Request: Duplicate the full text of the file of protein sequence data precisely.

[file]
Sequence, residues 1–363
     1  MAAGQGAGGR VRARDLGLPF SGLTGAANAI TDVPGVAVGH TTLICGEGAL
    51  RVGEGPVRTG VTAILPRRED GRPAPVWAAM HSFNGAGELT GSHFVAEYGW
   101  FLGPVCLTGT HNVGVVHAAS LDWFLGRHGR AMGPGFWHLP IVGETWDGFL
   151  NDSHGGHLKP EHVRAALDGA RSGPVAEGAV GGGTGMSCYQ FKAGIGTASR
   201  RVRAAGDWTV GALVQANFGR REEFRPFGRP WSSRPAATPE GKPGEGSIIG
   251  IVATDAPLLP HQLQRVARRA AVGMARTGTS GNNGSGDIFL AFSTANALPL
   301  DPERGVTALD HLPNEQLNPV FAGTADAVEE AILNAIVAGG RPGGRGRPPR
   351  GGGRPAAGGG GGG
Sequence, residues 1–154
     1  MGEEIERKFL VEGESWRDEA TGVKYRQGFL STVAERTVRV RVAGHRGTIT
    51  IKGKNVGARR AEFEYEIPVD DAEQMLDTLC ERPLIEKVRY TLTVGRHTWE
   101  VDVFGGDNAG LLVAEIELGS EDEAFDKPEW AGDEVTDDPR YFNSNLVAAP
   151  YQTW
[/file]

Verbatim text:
Sequence, residues 1–363
     1  MAAGQGAGGR VRARDLGLPF SGLTGAANAI TDVPGVAVGH TTLICGEGAL
    51  RVGEGPVRTG VTAILPRRED GRPAPVWAAM HSFNGAGELT GSHFVAEYGW
   101  FLGPVCLTGT HNVGVVHAAS LDWFLGRHGR AMGPGFWHLP IVGETWDGFL
   151  NDSHGGHLKP EHVRAALDGA RSGPVAEGAV GGGTGMSCYQ FKAGIGTASR
   201  RVRAAGDWTV GALVQANFGR REEFRPFGRP WSSRPAATPE GKPGEGSIIG
   251  IVATDAPLLP HQLQRVARRA AVGMARTGTS GNNGSGDIFL AFSTANALPL
   301  DPERGVTALD HLPNEQLNPV FAGTADAVEE AILNAIVAGG RPGGRGRPPR
   351  GGGRPAAGGG GGG
Sequence, residues 1–154
     1  MGEEIERKFL VEGESWRDEA TGVKYRQGFL STVAERTVRV RVAGHRGTIT
    51  IKGKNVGARR AEFEYEIPVD DAEQMLDTLC ERPLIEKVRY TLTVGRHTWE
   101  VDVFGGDNAG LLVAEIELGS EDEAFDKPEW AGDEVTDDPR YFNSNLVAAP
   151  YQTW